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Current trends in tropical African plant ecology: from species to ecosystems; from conservation to sustainable use

Short title: Current trends in tropical African plant ecology

Chairs: Luis Catarino, Salomão Bandeira, Maria Cristina Duarte, Maria Manuel Romeiras

Contact: lmcatarino@fc.ul.pt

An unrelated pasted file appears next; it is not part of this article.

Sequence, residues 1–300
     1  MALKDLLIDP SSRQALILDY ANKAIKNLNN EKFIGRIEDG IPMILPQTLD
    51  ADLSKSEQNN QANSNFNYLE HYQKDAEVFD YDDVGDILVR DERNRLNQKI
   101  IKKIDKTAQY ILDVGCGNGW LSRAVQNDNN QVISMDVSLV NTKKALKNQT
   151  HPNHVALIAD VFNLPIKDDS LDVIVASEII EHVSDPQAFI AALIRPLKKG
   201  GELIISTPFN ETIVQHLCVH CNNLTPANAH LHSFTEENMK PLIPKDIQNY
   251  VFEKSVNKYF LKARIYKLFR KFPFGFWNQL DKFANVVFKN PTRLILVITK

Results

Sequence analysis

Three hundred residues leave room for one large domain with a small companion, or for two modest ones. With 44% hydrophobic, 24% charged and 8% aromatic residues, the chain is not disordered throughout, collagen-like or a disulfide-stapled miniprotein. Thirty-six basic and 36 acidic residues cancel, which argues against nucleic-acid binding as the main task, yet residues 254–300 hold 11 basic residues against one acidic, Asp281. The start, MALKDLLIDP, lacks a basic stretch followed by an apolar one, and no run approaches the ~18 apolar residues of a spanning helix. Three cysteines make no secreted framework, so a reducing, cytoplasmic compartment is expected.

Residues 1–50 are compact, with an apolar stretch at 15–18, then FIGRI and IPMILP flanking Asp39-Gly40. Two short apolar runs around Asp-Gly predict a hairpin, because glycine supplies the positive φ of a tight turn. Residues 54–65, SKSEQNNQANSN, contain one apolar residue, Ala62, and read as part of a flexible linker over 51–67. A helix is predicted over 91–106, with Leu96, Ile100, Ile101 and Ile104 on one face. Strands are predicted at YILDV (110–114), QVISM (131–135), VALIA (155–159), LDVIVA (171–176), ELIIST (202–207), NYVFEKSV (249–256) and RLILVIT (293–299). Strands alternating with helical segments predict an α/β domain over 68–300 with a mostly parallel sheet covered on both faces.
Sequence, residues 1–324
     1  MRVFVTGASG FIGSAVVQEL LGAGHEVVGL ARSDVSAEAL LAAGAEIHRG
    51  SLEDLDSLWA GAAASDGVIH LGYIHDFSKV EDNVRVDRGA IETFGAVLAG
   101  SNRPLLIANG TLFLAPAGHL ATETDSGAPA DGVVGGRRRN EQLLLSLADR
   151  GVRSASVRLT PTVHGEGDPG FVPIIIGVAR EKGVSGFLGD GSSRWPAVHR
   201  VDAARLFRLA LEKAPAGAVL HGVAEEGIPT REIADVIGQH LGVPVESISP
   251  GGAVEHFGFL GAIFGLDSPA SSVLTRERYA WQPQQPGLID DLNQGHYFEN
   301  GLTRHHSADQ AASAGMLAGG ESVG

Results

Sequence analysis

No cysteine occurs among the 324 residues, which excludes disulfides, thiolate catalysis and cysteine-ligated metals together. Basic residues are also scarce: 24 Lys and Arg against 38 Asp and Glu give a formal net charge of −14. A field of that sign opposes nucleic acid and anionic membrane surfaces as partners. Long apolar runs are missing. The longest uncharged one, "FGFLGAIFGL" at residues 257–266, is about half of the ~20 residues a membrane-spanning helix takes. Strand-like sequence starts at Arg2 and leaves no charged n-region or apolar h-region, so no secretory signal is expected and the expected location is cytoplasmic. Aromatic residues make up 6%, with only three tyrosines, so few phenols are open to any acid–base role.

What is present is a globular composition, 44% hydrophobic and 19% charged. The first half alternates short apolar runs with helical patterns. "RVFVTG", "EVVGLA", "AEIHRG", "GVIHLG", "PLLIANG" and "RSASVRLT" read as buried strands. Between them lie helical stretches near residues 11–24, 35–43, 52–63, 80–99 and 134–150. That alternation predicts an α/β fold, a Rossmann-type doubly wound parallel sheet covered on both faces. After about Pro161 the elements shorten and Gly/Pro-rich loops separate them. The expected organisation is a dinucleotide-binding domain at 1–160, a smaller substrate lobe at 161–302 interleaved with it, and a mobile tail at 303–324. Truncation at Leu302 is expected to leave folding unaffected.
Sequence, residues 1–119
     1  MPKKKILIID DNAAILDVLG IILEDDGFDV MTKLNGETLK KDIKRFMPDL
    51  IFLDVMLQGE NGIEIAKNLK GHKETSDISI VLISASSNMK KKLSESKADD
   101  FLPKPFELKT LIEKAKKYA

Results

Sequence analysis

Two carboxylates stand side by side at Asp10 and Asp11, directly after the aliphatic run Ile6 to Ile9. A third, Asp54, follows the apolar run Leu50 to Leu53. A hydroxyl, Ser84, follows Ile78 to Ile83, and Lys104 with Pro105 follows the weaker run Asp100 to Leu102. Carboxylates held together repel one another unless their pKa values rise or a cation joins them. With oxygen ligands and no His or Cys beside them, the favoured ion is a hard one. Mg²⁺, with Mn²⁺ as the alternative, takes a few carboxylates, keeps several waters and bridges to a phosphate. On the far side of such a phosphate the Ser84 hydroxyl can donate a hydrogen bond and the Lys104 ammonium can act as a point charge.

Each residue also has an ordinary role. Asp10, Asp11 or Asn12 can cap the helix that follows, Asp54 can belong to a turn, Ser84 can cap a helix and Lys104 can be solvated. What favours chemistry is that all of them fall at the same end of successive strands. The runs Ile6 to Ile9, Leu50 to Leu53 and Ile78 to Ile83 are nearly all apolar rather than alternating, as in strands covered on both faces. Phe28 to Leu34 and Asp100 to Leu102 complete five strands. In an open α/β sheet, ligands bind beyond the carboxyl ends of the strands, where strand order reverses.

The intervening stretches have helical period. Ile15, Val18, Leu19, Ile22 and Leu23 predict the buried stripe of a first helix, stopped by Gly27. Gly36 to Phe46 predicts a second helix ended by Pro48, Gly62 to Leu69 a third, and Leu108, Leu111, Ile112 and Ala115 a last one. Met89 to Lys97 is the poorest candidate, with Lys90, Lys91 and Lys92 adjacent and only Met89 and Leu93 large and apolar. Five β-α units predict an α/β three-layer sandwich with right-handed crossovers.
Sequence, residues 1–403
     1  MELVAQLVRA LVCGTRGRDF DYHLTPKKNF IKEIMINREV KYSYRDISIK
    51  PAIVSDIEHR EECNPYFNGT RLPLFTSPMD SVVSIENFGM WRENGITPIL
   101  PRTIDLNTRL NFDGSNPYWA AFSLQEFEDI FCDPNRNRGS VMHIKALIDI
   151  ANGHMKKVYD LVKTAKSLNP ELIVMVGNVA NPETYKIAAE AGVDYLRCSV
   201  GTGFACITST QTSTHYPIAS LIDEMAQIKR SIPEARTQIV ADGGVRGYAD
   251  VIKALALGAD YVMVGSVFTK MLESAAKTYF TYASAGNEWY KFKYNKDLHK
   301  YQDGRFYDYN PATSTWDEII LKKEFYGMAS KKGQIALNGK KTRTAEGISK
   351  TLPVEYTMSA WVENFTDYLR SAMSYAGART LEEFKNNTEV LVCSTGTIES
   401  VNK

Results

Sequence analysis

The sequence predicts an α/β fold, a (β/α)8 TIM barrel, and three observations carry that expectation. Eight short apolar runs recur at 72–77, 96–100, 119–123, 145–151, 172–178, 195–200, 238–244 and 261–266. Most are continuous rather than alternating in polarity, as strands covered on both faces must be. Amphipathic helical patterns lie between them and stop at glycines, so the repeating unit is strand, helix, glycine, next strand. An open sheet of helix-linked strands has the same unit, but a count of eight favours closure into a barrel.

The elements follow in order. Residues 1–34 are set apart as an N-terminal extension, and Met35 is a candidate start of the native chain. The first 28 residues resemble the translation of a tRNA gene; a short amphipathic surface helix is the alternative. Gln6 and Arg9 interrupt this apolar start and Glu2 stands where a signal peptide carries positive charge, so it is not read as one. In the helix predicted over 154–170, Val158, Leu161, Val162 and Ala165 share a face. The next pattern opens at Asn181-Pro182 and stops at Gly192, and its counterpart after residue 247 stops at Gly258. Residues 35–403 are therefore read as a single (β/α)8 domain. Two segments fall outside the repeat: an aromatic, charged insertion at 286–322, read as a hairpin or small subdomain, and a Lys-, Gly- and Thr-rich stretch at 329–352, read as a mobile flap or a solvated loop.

African's major terrestrial and coastal biomes comprises a wealthy repository of biodiversity, with a high proportion of native and endemic plant species, which makes it biologically unique and provides a wide range of ecosystem services. Many of these ecosystems are being degraded, mostly due to the growing impacts from climate change and other anthropogenic and environmental problems, such as overexploitation of natural resources, droughts and floods, changes in land-use and spatial distribution of species. Current land cover change is damaging biodiversity, namely the conversion of forest and other natural areas, such as wetlands, for food production and urban development is happening at a fast step following the rapid transformation of African societies. Such conversion leads to habitat and biodiversity loss, affecting livelihoods, water supply, food security and reducing resilience to extreme events, particularly for people living in rural and coastal areas of African continent. Also, Africa is extraordinarily rich in useful plants and local knowledge on its properties, comprising a strategic strength for sustainable development in the region. The continent has an important genetic diversity that reflects its unique variety of plants and several important native crop species, which are adapted to an ever-changing environment. The knowledge of the huge African plant diversity, as well as the structure, composition and processes involved in vegetation changes, are crucial to promote their sustainable use and to conserve one of the most understudied regions in the world. This session aims to gather contributions to deliver the timely and emerging research in the main topic of Tropical African plant ecology, and presentations covering a wide and multidisciplinary approaches (e.g. Structure and Composition of Plant Communities; Biogeography; Conservation; Ecological Modeling; Genetic Diversity; Ethnobotany; Agroforestry; Restoration, Climate changes and Ecosystem services) are welcome to be submitted.

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